Alexandria’s MetroStage Presents ‘Wizard of Hip’

Alexandria’s MetroStage Presents ‘Wizard of Hip’

Comic journey of Afro Jo, an “everyman,” as he travels to adulthood.


Thomas W. Jones II stars in MetroStage's production of "Wizard of Hip (Or When in Doubt Slam Dunk)," which runs now through Sept. 17.

MetroStage in Alexandria is presenting "Wizard of Hip (Or When in Doubt Slam Dunk)," which runs through Sept. 17.

The story is a non-stop comic journey of Afro Jo, an African American “everyman,” as he travels from adolescence to adulthood in search of the ultimate state of “hip,” a place of comfort and peace in an ever-confusing and changing world. It's a fast-paced journey crossing bounds of race, class, and gender.

After touring in 30 cities across the U.S. and an off-Broadway run in the 1990s, "Wizard of Hip" returns almost 30 years later — a little grayer, older, and wiser, but still crackling with the revelatory journey that made it an audience favorite more than two decades ago. The show has help from two back-up singers, Kanysha Williams and Jasmine Eileen Coles, and original music by William Knowles on keys and Greg Holloway on drums.

Playing the title role of Afro Jo is Thomas W. Jones II, who describes his character as a kind of everyman trying to find the Great Oz and the answer to hipness. He juggles "how to negotiate that fine line between curfews and peer pressure looking for his own personal nirvana," he said. "Looking for the Great McDonald in a burger-and-fries existence."

Jones, who wrote, directed, and performs the piece, said his biggest challenge is sustaining the necessary stamina required for a show that's fast-paced and highly energetic.

“Tom Jones has contributed a remarkable body of work to MetroStage since 2001 as a writer, lyricist, director, and choreographer, so we thought it was time to showcase him as the amazing actor that he is," said MetroStage's Producing Artistic Director Carolyn Griffin.

She asked him about his solo show, "Wizard of Hip," which he had performed at Studio Theatre in 1992, ending up Off-Broadway for an extended run.

"So we decided to open our season with it, but that we would add more music and give him two lovely 'hip' backup singers who we named 'the Lady Doo Wops,'" she said.

She added: "It is great to have this high-energy, movement-oriented, music-obsessed (that is only a slight exaggeration) artist performing on our stage. I think our audiences will really enjoy this coming-of-age story, which apparently is timeless."

"We have found the story he told in the '90s, when he was considerably younger, still resonates today as relevant and universal, crossing all races, ages, genders, so that we expect everyone will be smiling with recognition and appreciation for the journey he has taken in search of 'hipness.' Seriously, wouldn't we all like to be a little more hip?" she said.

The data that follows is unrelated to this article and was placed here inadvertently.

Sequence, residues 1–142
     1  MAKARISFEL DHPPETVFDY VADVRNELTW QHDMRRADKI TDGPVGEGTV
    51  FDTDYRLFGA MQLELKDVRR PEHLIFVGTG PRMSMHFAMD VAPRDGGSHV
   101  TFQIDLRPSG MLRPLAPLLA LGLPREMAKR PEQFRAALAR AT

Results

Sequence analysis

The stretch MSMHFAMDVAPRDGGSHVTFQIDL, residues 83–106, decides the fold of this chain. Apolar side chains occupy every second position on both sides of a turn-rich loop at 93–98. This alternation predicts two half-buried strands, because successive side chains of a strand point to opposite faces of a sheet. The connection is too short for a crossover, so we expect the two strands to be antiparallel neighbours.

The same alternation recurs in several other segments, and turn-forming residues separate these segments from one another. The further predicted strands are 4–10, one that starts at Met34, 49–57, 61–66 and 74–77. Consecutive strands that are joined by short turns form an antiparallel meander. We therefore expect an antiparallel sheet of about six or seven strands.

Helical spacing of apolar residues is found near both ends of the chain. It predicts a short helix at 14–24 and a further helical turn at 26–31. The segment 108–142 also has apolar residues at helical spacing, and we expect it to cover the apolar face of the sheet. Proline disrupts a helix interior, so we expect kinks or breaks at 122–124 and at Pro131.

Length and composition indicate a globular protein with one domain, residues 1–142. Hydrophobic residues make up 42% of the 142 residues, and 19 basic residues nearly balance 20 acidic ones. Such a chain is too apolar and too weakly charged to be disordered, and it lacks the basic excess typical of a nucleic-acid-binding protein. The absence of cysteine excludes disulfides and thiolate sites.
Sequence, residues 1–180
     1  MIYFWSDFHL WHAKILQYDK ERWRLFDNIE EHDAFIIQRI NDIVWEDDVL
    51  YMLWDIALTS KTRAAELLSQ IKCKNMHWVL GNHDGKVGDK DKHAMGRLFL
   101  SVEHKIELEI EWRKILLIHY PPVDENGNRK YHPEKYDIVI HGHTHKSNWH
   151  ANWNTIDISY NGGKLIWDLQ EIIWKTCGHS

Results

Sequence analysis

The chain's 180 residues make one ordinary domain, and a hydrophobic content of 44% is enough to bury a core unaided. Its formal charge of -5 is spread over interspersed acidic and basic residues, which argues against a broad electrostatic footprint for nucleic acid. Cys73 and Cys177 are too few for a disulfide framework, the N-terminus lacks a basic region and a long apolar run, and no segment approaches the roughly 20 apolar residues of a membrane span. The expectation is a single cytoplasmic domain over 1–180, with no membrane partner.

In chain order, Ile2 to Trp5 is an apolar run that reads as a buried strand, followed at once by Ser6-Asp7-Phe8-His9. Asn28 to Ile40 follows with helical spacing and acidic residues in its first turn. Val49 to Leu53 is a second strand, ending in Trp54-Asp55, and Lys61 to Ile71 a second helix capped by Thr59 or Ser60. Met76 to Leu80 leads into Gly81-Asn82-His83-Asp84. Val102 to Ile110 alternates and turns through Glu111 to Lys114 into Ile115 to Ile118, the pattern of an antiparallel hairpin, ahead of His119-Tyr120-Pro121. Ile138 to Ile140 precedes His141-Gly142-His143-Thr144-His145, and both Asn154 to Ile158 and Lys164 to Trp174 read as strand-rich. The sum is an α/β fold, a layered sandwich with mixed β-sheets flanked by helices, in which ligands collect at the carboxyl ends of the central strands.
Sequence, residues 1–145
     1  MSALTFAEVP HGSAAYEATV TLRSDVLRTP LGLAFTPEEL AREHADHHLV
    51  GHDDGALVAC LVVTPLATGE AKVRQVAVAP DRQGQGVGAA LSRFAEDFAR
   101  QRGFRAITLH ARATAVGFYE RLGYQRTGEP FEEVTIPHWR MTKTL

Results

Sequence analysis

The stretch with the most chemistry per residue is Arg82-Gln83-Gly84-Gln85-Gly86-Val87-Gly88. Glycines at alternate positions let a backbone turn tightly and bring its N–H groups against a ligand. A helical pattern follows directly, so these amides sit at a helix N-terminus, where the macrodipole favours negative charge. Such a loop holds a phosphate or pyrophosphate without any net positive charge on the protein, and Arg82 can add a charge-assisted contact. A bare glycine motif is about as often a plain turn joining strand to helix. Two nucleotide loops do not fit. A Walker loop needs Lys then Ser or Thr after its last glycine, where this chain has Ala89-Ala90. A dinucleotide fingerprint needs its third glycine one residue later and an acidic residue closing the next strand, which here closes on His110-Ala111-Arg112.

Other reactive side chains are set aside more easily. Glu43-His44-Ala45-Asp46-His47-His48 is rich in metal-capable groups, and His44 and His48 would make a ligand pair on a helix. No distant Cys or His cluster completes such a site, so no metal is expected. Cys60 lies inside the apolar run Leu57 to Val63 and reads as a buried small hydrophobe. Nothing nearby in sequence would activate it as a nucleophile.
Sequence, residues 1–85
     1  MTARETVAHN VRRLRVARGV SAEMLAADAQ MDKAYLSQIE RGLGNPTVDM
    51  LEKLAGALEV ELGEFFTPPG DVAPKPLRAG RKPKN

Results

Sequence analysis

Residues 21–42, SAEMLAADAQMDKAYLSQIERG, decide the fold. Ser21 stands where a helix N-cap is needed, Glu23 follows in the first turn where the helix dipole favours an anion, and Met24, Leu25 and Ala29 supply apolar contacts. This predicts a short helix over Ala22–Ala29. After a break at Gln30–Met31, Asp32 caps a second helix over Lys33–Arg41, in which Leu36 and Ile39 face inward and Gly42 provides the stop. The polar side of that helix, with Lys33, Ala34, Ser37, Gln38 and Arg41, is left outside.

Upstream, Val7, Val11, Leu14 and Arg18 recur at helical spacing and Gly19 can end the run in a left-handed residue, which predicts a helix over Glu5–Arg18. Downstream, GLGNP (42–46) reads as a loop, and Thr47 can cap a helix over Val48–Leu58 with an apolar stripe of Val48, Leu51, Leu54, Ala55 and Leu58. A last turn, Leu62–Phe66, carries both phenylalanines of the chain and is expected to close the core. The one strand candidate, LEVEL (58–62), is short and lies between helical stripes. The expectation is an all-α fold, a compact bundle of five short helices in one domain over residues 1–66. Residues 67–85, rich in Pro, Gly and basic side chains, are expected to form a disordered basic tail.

Jasmine Eileen Coles said her role as a Lady Doo Wop is an energized, fun and supporting one that moves through different characters, environments, and time and space that helps explore the meaning of hip through the lens of Thomas Jones.

"Playing this role stretches me as an artist because the show moves so quickly it is important to stay present and it is also important not to take focus. Navigating such a delicate balance has been thrilling," she said.

Kanysha Williams said she too has the task of representing many different people in Afro Jo's life. "You may see me as an elderly woman, a basketball player, a school girl, etc. I am assisting the lead character in his storytelling, and in doing so, my 'character' helps to illustrate ideas and move the plot along," she said.

She said her biggest challenge is being flexible. "In this show, we have to constantly flow from one idea to the next, one character to another, and it's been an exciting challenge for me to authentically portray these different people," she said.

At MetroStage, Jones has a large resume of work, having written and directed "Harlem Rose," "Three Sistahs," "Two Queens One Castle," "Bricktop," "Cool Papa’s Party," "Pearl Bailey … by request," "Ladies Swing the Blues," Bessie’ Blues," "Shake Loose," "Uprising," and "Blackberry Daze." He also directed "The Gin Game," "Anne & Emmett," and "Gee’s Bend," for which he received a Helen Hayes nomination. This is the first time he will be performing on MetroStage.

Performing on stage at MetroStage is "Wizard of Hip" on Wednesdays, Thursdays, and Fridays at 8 p.m.; Saturdays at 3 p.m. and 8 p.m.; Sundays at 3 p.m. and 7 p.m., through Sept. 17. Tickets are $55-$60 with student and active military discounts available. For ticket reservations, call the theatre at 703-548-9044 or go online to For information and group sales, call 703-548-9044. MetroStage is located at 1201 North Royal St. in North Old Town Alexandria.